The Fisher Center for the Study of Women and Men will welcome filmmaker Nancy Ghertner on Wednesday, Feb. 22, to discuss her latest film “After I Pick the Fruit,” which follows the lives of five farmworkers in Sodus, N.Y. Beginning at 5 p.m. in the Intercultural Affairs House, Ghertner will explore what we can learn from farmworkers, and will ask the community to more carefully consider the question, “Who is picking our food?”
Following her talk, Ghertner will lead a film screening of “After I Pick the Fruit” at 7 p.m. in the Vandervort Room.
Ghertner’s full-length documentary delves into the world of the farmworker – following the daily course of life through the eyes of five immigrant women. The film highlights the struggles of the farmworkers – as women, laborers, community members and mothers-over a 10 year period. With breathtaking footage from Sodus and beyond – including Mexico, Florida and the U.S. border into Mexico – the film brings to life the sharp impact of the post-9/11 crackdown on illegal immigration.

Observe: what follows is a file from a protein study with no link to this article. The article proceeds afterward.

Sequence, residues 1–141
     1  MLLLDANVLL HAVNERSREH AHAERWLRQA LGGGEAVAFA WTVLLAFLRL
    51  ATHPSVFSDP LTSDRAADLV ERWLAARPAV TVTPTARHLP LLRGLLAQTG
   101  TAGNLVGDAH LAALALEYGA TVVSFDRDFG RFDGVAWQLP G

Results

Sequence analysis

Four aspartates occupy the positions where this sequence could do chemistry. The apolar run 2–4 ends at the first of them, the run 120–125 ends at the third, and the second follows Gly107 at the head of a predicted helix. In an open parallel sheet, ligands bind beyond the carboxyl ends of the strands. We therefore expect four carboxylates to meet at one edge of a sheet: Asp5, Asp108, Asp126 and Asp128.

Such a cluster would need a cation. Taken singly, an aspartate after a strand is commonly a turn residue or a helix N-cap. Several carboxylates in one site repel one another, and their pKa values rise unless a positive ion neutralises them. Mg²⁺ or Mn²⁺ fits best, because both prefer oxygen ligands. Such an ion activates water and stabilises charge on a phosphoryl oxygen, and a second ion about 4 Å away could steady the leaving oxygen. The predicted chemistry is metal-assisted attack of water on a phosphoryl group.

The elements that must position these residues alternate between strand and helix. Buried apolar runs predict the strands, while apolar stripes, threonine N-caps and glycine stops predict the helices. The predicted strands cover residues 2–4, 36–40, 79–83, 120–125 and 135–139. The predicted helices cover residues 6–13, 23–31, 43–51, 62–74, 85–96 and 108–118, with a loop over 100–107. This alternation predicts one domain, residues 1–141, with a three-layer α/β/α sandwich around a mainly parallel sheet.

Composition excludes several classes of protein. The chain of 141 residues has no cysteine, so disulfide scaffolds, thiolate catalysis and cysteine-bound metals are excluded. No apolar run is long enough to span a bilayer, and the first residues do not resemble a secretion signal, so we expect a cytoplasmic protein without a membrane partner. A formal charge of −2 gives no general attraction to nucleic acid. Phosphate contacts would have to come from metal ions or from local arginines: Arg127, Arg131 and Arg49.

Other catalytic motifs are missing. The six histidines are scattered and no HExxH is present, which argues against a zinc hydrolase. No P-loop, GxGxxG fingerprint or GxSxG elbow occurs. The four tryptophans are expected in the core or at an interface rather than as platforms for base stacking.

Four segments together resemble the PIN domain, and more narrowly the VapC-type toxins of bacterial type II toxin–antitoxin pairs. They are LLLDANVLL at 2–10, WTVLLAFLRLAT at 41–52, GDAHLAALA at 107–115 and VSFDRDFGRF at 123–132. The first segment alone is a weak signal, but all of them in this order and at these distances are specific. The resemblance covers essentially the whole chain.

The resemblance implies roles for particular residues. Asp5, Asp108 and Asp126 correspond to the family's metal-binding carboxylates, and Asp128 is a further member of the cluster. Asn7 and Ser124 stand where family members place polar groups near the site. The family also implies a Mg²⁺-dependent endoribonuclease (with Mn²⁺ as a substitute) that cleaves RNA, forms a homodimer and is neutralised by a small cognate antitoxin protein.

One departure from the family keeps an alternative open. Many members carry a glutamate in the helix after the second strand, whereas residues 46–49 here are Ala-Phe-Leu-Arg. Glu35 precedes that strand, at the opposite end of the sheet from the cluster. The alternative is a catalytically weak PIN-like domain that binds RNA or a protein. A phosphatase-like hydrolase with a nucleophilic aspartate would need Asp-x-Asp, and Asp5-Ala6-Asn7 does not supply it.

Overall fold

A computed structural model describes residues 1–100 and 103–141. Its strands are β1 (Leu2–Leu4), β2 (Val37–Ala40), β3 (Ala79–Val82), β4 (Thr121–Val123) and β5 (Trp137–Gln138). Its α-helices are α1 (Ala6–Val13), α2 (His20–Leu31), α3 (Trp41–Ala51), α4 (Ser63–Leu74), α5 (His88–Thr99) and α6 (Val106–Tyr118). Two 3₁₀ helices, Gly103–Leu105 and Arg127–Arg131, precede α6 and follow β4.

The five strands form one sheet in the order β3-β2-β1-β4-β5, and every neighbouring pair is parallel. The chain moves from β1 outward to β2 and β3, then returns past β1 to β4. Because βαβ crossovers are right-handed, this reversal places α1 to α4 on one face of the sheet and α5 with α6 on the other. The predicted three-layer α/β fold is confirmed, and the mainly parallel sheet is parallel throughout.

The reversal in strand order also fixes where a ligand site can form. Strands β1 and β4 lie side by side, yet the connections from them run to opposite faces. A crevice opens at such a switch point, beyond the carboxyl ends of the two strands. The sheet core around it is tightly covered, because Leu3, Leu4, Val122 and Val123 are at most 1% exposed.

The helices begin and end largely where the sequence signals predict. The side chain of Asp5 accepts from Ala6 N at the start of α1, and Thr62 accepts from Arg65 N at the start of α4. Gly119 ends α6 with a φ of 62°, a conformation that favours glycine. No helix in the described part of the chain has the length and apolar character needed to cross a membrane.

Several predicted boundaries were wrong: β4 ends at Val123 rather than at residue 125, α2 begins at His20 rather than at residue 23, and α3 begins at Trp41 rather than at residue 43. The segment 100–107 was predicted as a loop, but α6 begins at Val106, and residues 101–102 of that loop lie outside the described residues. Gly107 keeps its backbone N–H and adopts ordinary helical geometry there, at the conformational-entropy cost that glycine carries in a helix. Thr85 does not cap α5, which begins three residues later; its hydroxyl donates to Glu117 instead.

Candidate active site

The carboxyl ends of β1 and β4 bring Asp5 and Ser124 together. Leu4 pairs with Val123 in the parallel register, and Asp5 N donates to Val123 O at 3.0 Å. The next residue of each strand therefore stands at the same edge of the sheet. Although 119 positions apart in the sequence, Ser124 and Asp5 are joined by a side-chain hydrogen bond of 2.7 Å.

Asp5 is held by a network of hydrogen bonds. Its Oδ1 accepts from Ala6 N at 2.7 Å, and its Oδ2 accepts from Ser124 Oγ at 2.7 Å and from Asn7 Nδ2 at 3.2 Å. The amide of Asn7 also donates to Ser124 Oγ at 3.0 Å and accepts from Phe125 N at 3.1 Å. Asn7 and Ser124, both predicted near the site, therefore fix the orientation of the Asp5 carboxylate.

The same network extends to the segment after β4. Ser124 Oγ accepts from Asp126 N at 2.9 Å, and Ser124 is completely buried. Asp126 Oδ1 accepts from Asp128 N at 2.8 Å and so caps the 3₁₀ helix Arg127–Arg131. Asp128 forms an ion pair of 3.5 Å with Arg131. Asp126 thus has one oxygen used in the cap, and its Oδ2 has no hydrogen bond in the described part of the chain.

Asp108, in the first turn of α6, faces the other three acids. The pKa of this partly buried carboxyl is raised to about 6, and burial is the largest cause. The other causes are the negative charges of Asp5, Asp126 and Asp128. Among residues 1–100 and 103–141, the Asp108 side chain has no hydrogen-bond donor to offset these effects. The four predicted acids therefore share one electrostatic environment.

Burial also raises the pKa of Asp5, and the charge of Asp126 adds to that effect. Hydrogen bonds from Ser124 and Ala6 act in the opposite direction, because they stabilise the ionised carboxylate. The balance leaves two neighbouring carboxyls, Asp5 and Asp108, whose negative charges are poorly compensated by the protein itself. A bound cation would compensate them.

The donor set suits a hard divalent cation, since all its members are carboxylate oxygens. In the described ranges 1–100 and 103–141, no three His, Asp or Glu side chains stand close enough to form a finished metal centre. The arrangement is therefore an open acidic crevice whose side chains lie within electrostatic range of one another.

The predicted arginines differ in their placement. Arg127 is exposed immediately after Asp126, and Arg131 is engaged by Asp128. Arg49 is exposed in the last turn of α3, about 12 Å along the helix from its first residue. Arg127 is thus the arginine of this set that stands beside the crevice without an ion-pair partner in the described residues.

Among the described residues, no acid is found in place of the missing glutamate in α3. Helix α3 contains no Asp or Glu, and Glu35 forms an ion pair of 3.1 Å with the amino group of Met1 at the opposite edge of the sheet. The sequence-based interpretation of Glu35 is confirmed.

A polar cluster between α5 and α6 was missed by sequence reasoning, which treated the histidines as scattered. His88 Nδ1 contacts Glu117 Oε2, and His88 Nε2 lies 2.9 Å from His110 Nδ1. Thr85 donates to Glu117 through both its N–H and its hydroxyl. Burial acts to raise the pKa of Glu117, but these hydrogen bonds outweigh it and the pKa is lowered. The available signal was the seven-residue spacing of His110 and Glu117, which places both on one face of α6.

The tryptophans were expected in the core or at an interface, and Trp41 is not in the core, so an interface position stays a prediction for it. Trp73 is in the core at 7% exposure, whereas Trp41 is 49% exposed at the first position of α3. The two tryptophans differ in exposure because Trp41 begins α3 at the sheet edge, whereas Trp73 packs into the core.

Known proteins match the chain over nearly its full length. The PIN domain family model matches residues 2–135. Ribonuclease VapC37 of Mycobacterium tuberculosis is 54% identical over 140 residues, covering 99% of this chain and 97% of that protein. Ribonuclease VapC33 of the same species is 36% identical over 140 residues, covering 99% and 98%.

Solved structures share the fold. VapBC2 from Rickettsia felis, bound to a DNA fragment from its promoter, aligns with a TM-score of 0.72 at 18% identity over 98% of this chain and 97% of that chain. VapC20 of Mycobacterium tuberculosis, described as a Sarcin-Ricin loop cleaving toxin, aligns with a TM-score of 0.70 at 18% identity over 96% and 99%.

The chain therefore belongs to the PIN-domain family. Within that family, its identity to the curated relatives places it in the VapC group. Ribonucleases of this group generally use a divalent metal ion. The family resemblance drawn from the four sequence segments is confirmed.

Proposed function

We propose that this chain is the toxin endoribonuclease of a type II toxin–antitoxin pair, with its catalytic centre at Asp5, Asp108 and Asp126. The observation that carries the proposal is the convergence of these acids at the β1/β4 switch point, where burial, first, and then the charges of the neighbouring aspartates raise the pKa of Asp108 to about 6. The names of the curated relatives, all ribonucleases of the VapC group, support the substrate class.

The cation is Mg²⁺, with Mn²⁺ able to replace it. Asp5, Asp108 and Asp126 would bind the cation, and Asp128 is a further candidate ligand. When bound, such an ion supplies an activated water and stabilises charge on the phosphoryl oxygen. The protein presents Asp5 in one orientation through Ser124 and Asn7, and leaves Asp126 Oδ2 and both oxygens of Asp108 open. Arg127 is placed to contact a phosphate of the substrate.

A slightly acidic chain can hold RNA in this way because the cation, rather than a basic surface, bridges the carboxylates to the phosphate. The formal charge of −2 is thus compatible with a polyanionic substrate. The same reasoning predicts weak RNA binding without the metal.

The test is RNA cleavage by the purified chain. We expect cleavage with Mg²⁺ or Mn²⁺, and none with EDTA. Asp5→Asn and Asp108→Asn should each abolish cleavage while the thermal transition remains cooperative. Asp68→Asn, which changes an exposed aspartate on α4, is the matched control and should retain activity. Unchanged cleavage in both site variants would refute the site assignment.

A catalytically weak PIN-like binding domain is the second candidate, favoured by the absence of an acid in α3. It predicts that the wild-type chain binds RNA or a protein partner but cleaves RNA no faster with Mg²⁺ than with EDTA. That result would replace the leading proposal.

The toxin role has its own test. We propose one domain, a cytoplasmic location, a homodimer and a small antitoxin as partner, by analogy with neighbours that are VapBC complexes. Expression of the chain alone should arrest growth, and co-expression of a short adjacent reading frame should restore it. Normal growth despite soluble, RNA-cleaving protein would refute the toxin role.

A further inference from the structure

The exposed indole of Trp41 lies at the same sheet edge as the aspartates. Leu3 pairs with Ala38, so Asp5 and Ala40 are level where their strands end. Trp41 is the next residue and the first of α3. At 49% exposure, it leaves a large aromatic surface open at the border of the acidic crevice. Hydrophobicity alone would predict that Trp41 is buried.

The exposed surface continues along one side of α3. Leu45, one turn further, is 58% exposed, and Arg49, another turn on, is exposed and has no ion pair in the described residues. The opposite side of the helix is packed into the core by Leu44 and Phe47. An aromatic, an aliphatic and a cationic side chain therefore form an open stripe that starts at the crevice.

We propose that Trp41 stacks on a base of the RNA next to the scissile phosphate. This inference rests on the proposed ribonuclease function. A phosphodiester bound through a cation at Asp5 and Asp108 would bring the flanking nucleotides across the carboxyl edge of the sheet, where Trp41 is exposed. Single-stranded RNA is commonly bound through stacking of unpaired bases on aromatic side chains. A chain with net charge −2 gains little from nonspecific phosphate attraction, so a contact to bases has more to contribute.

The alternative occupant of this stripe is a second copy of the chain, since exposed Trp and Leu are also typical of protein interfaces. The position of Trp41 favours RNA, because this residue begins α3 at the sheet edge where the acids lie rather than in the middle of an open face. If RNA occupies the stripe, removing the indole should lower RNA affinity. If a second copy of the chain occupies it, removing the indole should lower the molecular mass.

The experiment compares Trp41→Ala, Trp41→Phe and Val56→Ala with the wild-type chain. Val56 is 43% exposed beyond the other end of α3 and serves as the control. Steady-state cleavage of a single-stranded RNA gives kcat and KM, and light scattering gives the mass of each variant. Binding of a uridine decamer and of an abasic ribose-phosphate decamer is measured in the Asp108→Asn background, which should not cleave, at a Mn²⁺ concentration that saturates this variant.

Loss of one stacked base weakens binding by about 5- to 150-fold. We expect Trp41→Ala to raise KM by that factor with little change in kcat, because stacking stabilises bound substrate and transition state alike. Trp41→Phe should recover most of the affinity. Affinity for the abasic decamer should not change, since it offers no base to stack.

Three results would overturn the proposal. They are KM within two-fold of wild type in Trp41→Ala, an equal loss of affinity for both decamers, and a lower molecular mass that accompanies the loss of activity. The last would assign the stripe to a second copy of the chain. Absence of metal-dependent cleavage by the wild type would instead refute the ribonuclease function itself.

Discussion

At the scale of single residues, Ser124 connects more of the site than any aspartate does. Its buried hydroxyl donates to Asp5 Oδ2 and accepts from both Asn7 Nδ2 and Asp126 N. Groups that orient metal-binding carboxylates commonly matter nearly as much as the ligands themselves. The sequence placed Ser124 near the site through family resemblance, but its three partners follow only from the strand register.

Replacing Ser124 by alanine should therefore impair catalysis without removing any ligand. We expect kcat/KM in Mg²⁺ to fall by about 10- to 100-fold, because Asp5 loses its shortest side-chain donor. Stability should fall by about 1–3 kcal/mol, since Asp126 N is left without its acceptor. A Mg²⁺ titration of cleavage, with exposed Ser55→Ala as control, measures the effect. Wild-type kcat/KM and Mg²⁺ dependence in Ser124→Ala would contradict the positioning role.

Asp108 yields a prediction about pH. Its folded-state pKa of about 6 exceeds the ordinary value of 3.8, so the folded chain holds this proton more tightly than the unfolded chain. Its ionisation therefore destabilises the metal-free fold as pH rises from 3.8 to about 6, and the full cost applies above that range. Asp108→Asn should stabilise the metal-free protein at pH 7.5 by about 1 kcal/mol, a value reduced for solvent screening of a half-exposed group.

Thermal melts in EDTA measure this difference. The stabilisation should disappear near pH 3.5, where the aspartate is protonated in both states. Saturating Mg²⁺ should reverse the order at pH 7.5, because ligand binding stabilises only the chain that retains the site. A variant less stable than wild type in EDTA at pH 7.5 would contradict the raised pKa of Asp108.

Ghertner is a visual artist and filmmaker of both experimental and documentary films. She was a producer and cinematographer with W. Keith McManus of “330 Miles to Justice,” which documents the 2003 Farmworker’s March from Seneca Falls to Albany. She collaborated extensively with Susannah Newman in ImageMovementsSound Festival dance films.
Other documentary projects include “In Our Own Backyard: The Hidden Realities of Women Farmworkers,” “Mother Rabbit Watching,” and “Across Cultures,” which won a Videography Award for documenting community cultures. Ghertner is a founding member of the Farmworker Women’s Institute, and served as a board member for the Wayne County Multi-Cultural Arts Project. She is a member of Wayne Action for Racial Equality.